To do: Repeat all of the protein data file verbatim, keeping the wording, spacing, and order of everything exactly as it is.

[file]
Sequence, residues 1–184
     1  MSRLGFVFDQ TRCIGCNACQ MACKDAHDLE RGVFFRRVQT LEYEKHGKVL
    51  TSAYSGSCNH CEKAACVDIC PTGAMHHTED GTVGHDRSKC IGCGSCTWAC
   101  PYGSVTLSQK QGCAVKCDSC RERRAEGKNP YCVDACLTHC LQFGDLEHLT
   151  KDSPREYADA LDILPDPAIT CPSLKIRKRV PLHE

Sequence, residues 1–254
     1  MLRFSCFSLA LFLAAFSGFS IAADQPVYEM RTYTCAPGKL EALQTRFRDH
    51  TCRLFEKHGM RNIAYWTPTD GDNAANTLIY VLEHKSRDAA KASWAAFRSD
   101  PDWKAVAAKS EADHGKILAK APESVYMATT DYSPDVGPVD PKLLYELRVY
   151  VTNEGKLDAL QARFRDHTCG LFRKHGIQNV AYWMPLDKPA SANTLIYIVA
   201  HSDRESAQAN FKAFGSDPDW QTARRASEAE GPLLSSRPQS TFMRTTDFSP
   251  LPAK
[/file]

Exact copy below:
Sequence, residues 1–184
     1  MSRLGFVFDQ TRCIGCNACQ MACKDAHDLE RGVFFRRVQT LEYEKHGKVL
    51  TSAYSGSCNH CEKAACVDIC PTGAMHHTED GTVGHDRSKC IGCGSCTWAC
   101  PYGSVTLSQK QGCAVKCDSC RERRAEGKNP YCVDACLTHC LQFGDLEHLT
   151  KDSPREYADA LDILPDPAIT CPSLKIRKRV PLHE

Sequence, residues 1–254
     1  MLRFSCFSLA LFLAAFSGFS IAADQPVYEM RTYTCAPGKL EALQTRFRDH
    51  TCRLFEKHGM RNIAYWTPTD GDNAANTLIY VLEHKSRDAA KASWAAFRSD
   101  PDWKAVAAKS EADHGKILAK APESVYMATT DYSPDVGPVD PKLLYELRVY
   151  VTNEGKLDAL QARFRDHTCG LFRKHGIQNV AYWMPLDKPA SANTLIYIVA
   201  HSDRESAQAN FKAFGSDPDW QTARRASEAE GPLLSSRPQS TFMRTTDFSP
   251  LPAK